Oral Questions (Reversion)

Tom Beaulieu Tu Nedhe

Thank you. The GNWT employs lots of contractors. Many contractors, even to people who do our janitorial services and so on. We have, like the Member indicates, 5,000 employees doing various types of work. We have people that do nursing, 24/7 operations such as correctional facilities. I’m not sure that one safety plan could ever encompass all of the GNWT, so I don’t think I can actually table a safety plan for the GNWT per say. Thank you.

Question 529-17(5): WSCC Safe Advantage Program
Oral Questions (Reversion)

The Speaker Jackie Jacobson

Thank you, Mr. Beaulieu. The Member for Weledeh, Mr. Bromley.

Question 530-17(5): Financial Securities Instruments
Oral Questions (Reversion)

November 5th, 2014

Bob Bromley Weledeh

Thank you, Mr. Speaker. My questions are for the Minister of Lands today in follow-up on an earlier set of questions about financial security. We last talked about surety bonds being a promise to pay, a form of security, and I asked the Minister if he would agree that that’s not acceptable. He said we will ensure that we have security that’s, as the Member said, something other than a promise to pay.

Now, surety bonds, the point of discussion, Wikipedia defines surety bonds as a promise to pay. Is the Minister still sticking with this or is the media right that in fact we are taking security bonds for the Ekati Mine, $170 million of liabilities and accepting something less than irrevocable letter of credit? Thank you.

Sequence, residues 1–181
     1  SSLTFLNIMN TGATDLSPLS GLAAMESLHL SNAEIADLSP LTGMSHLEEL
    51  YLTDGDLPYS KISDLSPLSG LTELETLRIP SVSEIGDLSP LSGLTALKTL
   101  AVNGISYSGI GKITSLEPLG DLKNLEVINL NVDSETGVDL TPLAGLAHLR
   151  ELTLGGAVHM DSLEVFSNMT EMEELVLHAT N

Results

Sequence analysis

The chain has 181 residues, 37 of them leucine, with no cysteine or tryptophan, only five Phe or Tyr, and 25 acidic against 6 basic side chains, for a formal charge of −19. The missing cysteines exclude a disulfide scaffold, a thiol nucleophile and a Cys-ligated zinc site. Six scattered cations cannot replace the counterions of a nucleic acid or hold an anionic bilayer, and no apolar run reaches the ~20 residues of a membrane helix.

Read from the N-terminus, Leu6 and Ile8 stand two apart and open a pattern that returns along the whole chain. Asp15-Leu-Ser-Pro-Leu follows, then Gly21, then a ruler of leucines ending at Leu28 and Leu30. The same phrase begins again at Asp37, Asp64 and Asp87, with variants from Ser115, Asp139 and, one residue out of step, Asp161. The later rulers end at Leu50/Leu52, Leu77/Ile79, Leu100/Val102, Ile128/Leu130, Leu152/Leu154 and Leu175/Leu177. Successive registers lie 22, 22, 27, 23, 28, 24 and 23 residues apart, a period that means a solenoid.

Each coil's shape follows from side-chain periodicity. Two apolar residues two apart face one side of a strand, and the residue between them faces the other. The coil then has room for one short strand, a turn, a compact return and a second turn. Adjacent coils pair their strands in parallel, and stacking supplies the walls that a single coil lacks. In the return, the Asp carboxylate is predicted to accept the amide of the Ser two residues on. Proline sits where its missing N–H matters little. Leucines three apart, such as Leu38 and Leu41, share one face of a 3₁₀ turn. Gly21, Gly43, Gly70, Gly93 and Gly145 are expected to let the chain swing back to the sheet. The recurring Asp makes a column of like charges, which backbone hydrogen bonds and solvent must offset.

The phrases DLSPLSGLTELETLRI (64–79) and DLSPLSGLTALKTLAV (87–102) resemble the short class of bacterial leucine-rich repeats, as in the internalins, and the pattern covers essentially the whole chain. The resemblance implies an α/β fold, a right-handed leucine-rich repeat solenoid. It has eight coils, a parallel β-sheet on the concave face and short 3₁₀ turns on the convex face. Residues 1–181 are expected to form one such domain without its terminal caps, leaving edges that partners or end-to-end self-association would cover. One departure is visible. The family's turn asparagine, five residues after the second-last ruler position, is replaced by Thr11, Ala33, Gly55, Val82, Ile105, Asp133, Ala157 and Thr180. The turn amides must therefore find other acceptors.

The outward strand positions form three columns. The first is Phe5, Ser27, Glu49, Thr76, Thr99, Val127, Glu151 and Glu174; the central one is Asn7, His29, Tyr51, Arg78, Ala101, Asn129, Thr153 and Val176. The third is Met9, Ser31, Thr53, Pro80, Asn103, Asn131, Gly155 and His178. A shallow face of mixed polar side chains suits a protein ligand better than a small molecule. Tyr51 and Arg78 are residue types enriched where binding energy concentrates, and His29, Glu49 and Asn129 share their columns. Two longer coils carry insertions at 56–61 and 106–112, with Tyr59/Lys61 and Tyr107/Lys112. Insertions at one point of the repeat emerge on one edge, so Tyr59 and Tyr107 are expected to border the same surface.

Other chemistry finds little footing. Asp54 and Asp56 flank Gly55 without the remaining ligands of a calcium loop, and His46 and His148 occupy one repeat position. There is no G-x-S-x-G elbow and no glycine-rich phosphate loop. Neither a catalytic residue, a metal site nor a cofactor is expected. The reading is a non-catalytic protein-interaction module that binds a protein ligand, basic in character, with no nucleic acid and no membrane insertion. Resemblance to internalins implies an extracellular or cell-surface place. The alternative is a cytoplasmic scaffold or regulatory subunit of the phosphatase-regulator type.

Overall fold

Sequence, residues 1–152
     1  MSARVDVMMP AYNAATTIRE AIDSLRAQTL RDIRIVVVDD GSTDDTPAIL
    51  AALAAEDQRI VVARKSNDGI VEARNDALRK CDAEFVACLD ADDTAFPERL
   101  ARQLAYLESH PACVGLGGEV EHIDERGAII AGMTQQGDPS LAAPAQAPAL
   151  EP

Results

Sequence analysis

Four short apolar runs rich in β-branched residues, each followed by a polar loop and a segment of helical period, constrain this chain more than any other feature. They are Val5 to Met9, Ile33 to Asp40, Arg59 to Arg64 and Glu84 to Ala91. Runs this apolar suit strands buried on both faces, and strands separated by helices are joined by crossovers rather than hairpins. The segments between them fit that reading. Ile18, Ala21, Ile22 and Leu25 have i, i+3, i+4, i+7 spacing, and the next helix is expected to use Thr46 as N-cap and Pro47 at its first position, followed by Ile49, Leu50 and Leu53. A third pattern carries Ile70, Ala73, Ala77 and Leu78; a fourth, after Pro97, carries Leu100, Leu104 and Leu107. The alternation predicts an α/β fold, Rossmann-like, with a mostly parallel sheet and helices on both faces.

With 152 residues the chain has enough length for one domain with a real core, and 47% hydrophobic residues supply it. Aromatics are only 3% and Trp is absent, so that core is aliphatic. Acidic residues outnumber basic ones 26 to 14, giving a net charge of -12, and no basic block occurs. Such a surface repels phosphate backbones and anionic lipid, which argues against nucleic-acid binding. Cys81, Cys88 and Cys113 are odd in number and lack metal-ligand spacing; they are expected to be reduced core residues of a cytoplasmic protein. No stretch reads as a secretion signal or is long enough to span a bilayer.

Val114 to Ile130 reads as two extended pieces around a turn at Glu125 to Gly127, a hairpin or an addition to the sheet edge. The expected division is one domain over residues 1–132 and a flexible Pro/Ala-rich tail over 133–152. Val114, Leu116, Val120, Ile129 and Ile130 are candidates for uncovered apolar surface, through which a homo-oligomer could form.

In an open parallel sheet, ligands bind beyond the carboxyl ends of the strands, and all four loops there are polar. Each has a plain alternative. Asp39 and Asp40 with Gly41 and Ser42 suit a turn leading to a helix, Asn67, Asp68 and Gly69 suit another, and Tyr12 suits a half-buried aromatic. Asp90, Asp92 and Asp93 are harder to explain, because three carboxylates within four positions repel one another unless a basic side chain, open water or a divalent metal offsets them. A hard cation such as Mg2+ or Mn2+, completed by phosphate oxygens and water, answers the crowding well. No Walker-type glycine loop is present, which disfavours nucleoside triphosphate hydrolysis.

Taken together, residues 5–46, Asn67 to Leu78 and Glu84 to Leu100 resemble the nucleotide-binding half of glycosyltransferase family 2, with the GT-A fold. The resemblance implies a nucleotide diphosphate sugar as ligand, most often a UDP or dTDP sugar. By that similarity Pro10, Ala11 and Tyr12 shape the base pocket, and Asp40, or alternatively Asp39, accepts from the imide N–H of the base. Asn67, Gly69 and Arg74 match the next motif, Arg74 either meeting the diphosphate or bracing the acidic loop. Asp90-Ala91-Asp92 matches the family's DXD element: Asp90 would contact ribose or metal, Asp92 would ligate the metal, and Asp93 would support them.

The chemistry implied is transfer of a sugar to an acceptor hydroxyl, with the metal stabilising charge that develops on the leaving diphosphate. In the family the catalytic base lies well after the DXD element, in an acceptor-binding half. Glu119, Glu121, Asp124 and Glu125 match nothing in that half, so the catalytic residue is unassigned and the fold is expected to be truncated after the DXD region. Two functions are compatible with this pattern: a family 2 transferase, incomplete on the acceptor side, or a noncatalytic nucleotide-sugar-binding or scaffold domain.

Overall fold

Question 530-17(5): Financial Securities Instruments
Oral Questions (Reversion)

The Speaker Jackie Jacobson

Thank you, Mr. Bromley. Minister of Lands, Mr. McLeod.

Question 530-17(5): Financial Securities Instruments
Oral Questions (Reversion)

Robert C. McLeod Inuvik Twin Lakes

Thank you, Mr. Speaker. A security bond is an instrument that is typically issued by an insurance company to pay one party a specified amount if another party fails to meet their obligations. So under the Waters Act, that is a sufficient instrument to use.

Question 530-17(5): Financial Securities Instruments
Oral Questions (Reversion)

Bob Bromley Weledeh

The Minister sounds like he’s changing direction here, and I would ask him to do some research in this area and provide to committee exactly what is going on here, without

any input from committee, I might add, other than what we’ve had in the House, and obviously, that doesn’t seem to be holding any water.